You're not serious are you? But if you are, there's the football field method, the appearance of objects method, the front sight post method, visable detail method, bracketing method, halving method, sound method, and of course the rangefinding reticle method, that's if you had something like an ACOG on the rifle.
 

ewoaf

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Re: Mil-MOA conversion Technical question

well....kinda yes and no.
of course you can't, but since you can't why even bring irons into an optics argument in the first place?
 

Sterling Shooter

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Re: Mil-MOA conversion Technical question

Most iron sights and scopes move in MOA, and wind is estimated in Minute of Angle. And to the question of range estimation, yes, I can, bracket method, halving method, football field method, visable detail method, sound method, front sight post method, map method, appearance of objects method, and if I've got an ACOG, the range-finding reticle method.
 
G

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Re: Mil-MOA conversion Technical question

<div class="ubbcode-block"><div class="ubbcode-header">Originally Posted By: ewoaf</div><div class="ubbcode-body">well....kinda yes and no.
of course you can't, but since you can't why even bring irons into an optics argument in the first place? </div></div>

Because many moons ago irons, were the only thing we had to range by. Even the M14's front sight post is/was used by glass guys when the ART's went south. A BSZ only gets you so far, knowning the irons subtentions will get you much farther out if needed in a pinch.
 

lowlight

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    Re: Mil-MOA conversion Technical question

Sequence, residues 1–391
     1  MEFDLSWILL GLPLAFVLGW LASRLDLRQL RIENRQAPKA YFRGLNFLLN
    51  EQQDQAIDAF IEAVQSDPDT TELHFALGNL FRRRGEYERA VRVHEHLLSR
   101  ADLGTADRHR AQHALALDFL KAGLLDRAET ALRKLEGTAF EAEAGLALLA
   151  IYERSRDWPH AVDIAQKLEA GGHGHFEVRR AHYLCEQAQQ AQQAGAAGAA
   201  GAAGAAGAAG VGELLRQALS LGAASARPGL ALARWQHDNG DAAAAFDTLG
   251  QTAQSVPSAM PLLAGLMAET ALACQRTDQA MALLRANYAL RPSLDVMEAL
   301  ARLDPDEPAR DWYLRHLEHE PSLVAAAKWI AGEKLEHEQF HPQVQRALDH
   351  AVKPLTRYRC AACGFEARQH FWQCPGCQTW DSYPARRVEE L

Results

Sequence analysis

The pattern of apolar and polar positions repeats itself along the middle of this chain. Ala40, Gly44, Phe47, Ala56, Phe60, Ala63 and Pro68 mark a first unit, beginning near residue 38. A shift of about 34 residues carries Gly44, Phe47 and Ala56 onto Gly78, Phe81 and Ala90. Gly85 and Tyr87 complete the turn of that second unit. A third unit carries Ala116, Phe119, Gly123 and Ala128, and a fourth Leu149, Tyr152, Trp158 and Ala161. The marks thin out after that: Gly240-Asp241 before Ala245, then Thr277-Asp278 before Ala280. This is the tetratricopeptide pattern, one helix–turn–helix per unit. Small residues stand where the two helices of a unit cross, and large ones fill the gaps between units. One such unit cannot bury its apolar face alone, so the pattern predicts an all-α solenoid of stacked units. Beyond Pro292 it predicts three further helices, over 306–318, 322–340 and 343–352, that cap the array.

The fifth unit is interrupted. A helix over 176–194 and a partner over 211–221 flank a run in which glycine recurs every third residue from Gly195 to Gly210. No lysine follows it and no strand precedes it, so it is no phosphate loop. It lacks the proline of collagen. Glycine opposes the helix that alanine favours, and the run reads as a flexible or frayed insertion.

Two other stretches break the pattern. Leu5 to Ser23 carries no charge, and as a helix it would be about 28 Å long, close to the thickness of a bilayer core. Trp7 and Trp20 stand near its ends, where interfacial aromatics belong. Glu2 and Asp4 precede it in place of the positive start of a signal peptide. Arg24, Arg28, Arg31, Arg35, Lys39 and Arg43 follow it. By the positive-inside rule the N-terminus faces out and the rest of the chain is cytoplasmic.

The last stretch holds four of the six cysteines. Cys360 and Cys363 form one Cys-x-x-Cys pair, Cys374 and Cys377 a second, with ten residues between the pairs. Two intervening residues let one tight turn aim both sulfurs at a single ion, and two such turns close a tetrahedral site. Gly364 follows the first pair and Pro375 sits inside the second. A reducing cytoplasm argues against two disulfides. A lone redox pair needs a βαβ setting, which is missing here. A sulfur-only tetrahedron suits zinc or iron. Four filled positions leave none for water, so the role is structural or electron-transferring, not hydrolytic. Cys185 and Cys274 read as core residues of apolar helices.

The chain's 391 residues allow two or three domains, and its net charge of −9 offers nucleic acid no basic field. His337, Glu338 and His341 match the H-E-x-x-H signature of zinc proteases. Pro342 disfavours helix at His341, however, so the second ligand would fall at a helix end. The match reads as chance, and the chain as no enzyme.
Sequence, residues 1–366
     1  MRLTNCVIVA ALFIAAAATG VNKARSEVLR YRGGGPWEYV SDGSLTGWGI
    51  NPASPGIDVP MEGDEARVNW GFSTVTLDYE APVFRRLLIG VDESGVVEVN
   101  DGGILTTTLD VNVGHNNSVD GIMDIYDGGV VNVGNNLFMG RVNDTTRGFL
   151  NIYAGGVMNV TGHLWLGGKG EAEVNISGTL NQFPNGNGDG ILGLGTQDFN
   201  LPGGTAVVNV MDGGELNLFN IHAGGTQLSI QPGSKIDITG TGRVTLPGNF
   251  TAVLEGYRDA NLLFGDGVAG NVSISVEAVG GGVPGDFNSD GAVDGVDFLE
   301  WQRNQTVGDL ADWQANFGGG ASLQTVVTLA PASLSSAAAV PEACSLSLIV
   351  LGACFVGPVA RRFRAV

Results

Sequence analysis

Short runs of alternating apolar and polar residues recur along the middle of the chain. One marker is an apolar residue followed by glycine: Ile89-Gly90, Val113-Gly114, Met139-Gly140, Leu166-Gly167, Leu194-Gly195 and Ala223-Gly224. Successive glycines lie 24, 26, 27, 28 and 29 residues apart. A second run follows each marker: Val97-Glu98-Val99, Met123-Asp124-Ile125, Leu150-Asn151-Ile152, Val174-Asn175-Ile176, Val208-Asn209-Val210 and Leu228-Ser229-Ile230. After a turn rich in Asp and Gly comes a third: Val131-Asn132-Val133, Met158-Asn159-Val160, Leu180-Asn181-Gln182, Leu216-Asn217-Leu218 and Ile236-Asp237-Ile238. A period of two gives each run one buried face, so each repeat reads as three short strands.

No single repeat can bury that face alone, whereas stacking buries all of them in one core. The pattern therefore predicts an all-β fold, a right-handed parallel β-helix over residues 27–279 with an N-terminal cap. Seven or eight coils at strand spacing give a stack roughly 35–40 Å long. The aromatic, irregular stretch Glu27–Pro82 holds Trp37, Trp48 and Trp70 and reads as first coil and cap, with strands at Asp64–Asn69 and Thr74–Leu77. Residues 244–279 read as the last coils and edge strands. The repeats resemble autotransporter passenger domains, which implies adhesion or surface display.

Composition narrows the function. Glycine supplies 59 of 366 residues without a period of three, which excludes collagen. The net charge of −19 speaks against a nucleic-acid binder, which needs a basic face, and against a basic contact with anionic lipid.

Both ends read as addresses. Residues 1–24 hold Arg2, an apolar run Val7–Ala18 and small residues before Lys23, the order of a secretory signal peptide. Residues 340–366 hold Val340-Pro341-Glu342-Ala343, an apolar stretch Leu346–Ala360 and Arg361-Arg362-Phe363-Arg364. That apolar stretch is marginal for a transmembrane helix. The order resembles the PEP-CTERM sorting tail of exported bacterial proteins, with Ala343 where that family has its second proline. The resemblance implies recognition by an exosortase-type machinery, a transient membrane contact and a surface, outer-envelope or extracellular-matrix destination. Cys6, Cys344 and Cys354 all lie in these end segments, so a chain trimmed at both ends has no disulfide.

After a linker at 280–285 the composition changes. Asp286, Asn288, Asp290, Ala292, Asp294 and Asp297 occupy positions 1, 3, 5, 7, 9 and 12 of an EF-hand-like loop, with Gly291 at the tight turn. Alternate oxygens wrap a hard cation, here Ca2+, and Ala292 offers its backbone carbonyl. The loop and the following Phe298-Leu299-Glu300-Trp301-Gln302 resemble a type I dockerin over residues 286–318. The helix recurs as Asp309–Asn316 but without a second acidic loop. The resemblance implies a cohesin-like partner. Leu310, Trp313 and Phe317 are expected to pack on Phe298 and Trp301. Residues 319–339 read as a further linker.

<div class="ubbcode-block"><div class="ubbcode-header">Originally Posted By: Sterling Shooter</div><div class="ubbcode-body">Most iron sights and scopes move in MOA, and wind is estimated in Minute of Angle. And to the question of range estimation, yes, I can, bracket method, halving method, football field method, visable detail method, sound method, front sight post method, map method, appearance of objects method, and if I've got an ACOG, the range-finding reticle method.</div></div>

    Maybe back in 1998, but this is 2010, wind is, and can be done in Mils.. scopes adjust in mils as well Trijicon's newest stuff is also going to Mils. So pretty soon you'll have to embrace a different way.

    Sterling, go out, spend a few bucks and get a new databook, like an Impact or Storm and that way you will have the mils in there that you can use as reference, so you aren't constantly referencing information that is 10 years old. they even have new formulas for you too reference. Wind charts in mils, etc.

    the USMC uses Mils, the Army is going to Mils, 3/4 of the war fighting world uses Mils... time to wake up and smell the progress that has already passed you by.

    Many moons, like more than 2 decades ago. you have guys in the service now that weren't even born when that stuff retired.
     

    lowlight

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    Re: Mil-MOA conversion Technical question

    Current PSR solicitation is for Mils... you are talking an M4 which 99% of the time will be used inside 300m... so who cares. Scoped rifles, sniper rifles, etc are all moving to or have moved to mils.

    M4, they bzo it and favor for the most part.

    Trust me when I say the ACOG is changing.

    More than 75% of AR training is inside 100 yards.
     

    lowlight

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    Re: Mil-MOA conversion Technical question

    And not to beat the horse any further, but the Acog they use is a BDC reticle with yard lines, not MOA, they hold the distance, not the dope in MOA.
     

    Buckoman

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    Re: Mil-MOA conversion Technical question

    For me the range estimation calcualtions on the MOA system are so much easier. Who can do a friggin calculation of 27.778 * X / Mils reading in their head? Its so much esier to do 100 * X / MOA reading.

    My Schmidt and Leupold are set up to range estimate in Mils then dial drop in MOA. So I'm doing 27.778 * X / Mils then calculating come ups by converting to MOA and doing holdovers in Mils. Too many conversions. I was just wondering if there were a redneck way to "convert" mil lines into MOA on the reticle.